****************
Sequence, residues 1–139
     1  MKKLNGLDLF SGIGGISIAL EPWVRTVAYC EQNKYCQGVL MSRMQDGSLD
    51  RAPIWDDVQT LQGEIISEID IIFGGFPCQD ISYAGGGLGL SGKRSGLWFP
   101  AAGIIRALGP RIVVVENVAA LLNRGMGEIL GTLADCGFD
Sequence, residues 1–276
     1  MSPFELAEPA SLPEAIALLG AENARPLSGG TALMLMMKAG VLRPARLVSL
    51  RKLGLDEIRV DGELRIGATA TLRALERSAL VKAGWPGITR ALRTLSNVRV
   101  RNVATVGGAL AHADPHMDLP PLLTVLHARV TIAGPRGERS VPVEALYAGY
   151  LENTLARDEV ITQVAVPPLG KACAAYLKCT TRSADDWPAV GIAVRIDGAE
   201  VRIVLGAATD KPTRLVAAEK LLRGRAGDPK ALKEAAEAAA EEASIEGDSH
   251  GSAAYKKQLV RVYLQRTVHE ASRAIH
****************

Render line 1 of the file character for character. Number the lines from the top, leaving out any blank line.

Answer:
Sequence, residues 1–139